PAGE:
moved that Bill C-287, An Act respecting a National Peacekeepers' Day, be read the third time and passed.
Mr. Speaker, it is not often that a member is honoured by his colleagues by getting a bill to third reading. We are here because the bill received unanimous consent of the House at report stage. I want to thank all of my colleagues for their support.
Bill C-287 honours our Canadian peacekeepers as well as all peacekeepers around the world. It is very appropriate that the House return its attention to the proposal in the bill to create August 9 of each year as National Peacekeepers' Day in Canada, especially as all of us have just finished helping our legions and our communities celebrate Remembrance Week and Remembrance Day.
I would like to underline that August 9 would not be a holiday, but a day of commemoration, a day of celebration of what our peacekeepers have done in the past and what they are doing today and what they will be doing in the future. On that day our citizens will have a chance to be reminded about what Canada has done in the world and what it can do.
The bill proposes that on that day the Peace Tower flag be lowered to half-mast. It is quite appropriate that the Peace Tower flag would be lowered at half-mast to recognize peacekeepers who have been lost in action throughout our 50 years plus of peacekeeping participation around the world.
I would also like to point out to my colleagues that my riding, now called Algoma--Manitoulin--Kapuskasing, contains the old riding of Algoma and Algoma East which was held by the late Right Hon. Lester B. Pearson. It is a special honour for me to bring forward a bill to honour our peacekeepers. This year, 2007, marks the 50th anniversary of Mr. Pearson's Nobel Peace Prize for his initiative at the UN.
Why in the first place should we remember and honour our peacekeepers and why on that day?
On August 9, 1974, nine Canadian peacekeepers deployed to the Middle East were killed on a routine supply flight from Beirut to Damascus. The airplane was shot down by ground-fired missiles and nine Canadian UN peacekeepers were lost, along with the crew of the airplane. We could have picked many dates. Some suggested, with great respect, May 29, which each year is celebrated as International Peacekeepers' Day, but August 9 is very much a Canadian day and reflects the most significant single loss of Canadian peacekeepers in one day.
If the House continues its willingness to support the bill, I am inviting Canadians, especially students, who would not be in school on August 9 but would be preparing for school, to take some time to reflect on what peacekeeping is all about.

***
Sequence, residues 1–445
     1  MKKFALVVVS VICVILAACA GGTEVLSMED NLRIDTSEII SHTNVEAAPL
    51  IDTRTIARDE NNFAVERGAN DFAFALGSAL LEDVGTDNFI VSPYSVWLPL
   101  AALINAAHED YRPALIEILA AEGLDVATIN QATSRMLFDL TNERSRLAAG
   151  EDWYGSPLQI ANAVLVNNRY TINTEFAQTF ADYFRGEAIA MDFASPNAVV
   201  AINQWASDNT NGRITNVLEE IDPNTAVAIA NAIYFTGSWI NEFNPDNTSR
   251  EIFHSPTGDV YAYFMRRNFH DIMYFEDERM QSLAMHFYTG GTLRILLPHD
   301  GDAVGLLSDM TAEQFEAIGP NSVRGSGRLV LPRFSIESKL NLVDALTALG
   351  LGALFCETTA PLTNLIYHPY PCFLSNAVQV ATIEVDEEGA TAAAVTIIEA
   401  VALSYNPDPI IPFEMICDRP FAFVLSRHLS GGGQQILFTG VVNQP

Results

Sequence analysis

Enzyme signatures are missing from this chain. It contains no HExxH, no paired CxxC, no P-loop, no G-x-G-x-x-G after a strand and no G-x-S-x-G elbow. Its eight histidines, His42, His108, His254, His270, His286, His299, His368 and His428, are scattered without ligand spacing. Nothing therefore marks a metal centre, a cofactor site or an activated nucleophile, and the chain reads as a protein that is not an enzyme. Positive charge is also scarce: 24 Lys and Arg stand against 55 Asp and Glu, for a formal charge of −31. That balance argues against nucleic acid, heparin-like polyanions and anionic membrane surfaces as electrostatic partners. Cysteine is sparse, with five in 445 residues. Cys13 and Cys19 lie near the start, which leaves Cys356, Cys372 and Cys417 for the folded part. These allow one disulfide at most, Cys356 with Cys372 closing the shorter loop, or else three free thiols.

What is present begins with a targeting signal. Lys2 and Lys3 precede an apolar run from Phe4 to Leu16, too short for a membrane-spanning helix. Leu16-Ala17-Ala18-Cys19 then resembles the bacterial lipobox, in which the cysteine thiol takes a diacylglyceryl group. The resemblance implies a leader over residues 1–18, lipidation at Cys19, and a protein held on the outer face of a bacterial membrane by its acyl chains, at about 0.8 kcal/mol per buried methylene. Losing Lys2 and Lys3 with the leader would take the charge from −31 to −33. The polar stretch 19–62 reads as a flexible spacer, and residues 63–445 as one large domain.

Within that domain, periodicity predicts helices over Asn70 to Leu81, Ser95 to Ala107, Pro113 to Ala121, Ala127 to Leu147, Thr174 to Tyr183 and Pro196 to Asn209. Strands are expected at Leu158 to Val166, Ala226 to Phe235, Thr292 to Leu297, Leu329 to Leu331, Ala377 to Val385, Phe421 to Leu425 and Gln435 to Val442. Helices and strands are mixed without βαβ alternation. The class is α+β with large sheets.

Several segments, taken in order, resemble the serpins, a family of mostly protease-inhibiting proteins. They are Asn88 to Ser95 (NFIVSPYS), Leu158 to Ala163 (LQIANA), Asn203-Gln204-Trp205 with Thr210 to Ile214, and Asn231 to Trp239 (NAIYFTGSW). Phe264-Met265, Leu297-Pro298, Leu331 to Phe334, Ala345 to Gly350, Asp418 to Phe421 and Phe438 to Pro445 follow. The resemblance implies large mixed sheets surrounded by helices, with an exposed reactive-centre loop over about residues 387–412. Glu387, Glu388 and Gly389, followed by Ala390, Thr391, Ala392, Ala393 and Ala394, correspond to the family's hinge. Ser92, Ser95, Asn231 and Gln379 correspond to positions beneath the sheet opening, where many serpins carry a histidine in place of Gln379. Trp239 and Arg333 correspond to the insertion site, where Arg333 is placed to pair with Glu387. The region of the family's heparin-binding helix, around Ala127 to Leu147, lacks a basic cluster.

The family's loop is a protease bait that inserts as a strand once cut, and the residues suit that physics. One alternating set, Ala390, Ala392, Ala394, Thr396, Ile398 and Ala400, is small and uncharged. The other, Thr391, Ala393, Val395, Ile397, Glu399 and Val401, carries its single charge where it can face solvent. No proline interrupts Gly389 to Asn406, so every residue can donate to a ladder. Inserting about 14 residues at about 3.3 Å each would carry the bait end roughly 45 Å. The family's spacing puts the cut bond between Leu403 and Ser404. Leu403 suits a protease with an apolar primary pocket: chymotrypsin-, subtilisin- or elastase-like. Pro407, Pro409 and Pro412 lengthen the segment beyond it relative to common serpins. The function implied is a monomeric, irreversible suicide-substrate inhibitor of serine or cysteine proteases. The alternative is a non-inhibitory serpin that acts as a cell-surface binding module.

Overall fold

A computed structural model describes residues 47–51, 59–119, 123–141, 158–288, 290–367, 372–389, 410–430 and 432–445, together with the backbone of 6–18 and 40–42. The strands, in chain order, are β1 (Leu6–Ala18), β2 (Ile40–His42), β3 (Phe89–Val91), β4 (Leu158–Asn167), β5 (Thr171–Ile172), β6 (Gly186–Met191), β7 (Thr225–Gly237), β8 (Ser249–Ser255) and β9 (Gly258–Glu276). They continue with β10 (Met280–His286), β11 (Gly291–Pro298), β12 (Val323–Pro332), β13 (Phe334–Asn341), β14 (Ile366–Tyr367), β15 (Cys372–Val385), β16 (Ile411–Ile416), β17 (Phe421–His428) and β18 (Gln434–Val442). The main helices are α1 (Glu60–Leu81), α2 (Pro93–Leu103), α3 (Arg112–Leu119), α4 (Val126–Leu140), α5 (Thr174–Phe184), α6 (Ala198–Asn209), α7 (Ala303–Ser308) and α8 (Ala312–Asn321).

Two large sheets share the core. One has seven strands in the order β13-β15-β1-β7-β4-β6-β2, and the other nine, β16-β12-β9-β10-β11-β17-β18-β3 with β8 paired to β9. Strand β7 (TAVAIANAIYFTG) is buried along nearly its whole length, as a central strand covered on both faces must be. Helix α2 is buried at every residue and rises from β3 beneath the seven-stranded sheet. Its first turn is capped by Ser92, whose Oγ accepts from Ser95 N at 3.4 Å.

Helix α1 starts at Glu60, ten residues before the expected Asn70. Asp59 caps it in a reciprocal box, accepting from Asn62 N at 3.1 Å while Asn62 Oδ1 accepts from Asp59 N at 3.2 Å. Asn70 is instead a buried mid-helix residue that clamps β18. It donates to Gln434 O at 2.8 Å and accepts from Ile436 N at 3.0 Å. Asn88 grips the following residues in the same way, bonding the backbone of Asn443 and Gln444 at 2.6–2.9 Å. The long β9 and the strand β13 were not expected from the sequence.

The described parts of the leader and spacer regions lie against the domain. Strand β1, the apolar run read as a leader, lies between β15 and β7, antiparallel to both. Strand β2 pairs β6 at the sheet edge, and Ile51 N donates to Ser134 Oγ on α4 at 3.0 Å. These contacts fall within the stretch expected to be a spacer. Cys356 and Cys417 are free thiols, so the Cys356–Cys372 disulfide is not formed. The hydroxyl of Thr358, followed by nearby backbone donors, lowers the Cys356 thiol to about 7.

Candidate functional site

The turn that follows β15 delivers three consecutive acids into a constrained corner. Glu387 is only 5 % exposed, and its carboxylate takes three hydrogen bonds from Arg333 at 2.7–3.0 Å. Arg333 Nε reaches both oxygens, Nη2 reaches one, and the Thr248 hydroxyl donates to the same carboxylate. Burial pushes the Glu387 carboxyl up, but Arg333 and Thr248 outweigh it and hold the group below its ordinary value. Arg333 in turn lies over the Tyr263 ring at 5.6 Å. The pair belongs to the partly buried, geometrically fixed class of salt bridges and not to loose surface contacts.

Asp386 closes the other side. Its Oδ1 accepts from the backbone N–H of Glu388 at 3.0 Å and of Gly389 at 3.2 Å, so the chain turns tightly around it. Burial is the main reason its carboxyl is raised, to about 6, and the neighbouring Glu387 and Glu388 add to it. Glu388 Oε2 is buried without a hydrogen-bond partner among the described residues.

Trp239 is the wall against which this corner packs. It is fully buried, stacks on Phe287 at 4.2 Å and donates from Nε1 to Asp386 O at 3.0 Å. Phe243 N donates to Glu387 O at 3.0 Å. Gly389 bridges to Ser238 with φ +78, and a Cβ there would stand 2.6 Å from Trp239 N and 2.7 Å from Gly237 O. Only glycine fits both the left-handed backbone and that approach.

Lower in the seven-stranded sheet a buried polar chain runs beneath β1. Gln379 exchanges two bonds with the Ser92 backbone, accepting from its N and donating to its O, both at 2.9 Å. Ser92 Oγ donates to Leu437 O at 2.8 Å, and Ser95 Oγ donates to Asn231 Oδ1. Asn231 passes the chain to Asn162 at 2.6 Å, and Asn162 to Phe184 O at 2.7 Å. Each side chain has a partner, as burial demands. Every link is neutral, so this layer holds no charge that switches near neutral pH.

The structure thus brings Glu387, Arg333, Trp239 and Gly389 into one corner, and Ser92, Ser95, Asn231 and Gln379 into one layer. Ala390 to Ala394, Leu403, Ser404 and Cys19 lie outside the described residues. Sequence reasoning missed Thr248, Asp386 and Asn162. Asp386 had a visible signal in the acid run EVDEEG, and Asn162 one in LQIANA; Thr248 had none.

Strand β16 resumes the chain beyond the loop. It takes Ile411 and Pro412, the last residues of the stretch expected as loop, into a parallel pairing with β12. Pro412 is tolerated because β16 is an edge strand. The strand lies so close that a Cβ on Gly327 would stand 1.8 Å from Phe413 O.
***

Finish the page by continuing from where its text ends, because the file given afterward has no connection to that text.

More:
We in this place and Canadians in general who think about these things recognize that peacekeeping today is not like it was 30, 40 or 50 years ago. Peacekeeping evolves with the nature of conflict. It evolves with the changing regions wherein conflicts are taking place. The reasons for local conflict change. Demographics change. The types of warfare and conflict change. Therefore, peacekeeping has to change and we have to change with the times.
I am convinced, and I am sure my colleagues are convinced, that ultimately peacekeeping and its related peacemaking are the ultimate, albeit altruistic sometimes, goal of our military and in fact of our Parliament and of our own individual work in life. If it is not about finding, making and keeping peace, then really, what is it all about?
I will take a moment to mention a constituent of mine, Robert Manuel of Elliot Lake, who inspired me with this idea. He helped to promote the idea in Ontario, which has celebrated August 9 as peacekeepers day for a number of years now. With his encouragement and support, we gathered the support of legions across the land. We now have the support of the Royal Canadian Legion Dominion Command for the proclamation of August 9 as peacekeeper day.
I will reference speeches made just over a year ago in this place by colleagues, speeches which I reread recently, and I was very impressed. I refer to the speech of the parliamentary secretary who made an excellent speech in support of the bill. She raised some very good points, but she reminded us that a day of recognition for peacekeepers, as is noted in the resolution by the Royal Canadian Legion in last June, was warranted because the government respected the views of Canadians on either side of the issue.
She is right to have said there is a concern. I recognize it and I think we deal with it head-on. When we have a day separate from November 11 to recognize some aspect of our military history, some aspect of our legacy, does that take anything away from November 11? I think the Royal Canadian Legion Dominion Command and local legions everywhere have recognized, no.
The parliament secretary was quite right in raising the question. The response is, and I think she agrees with this, any day we can establish as a day of recognition of our current soldiers, men and women serving in any capacity around the world enhances the spirit of remembrance. We are focusing on peacekeeping, but in a way all soldiers are peacekeepers regardless of the nature of a conflict.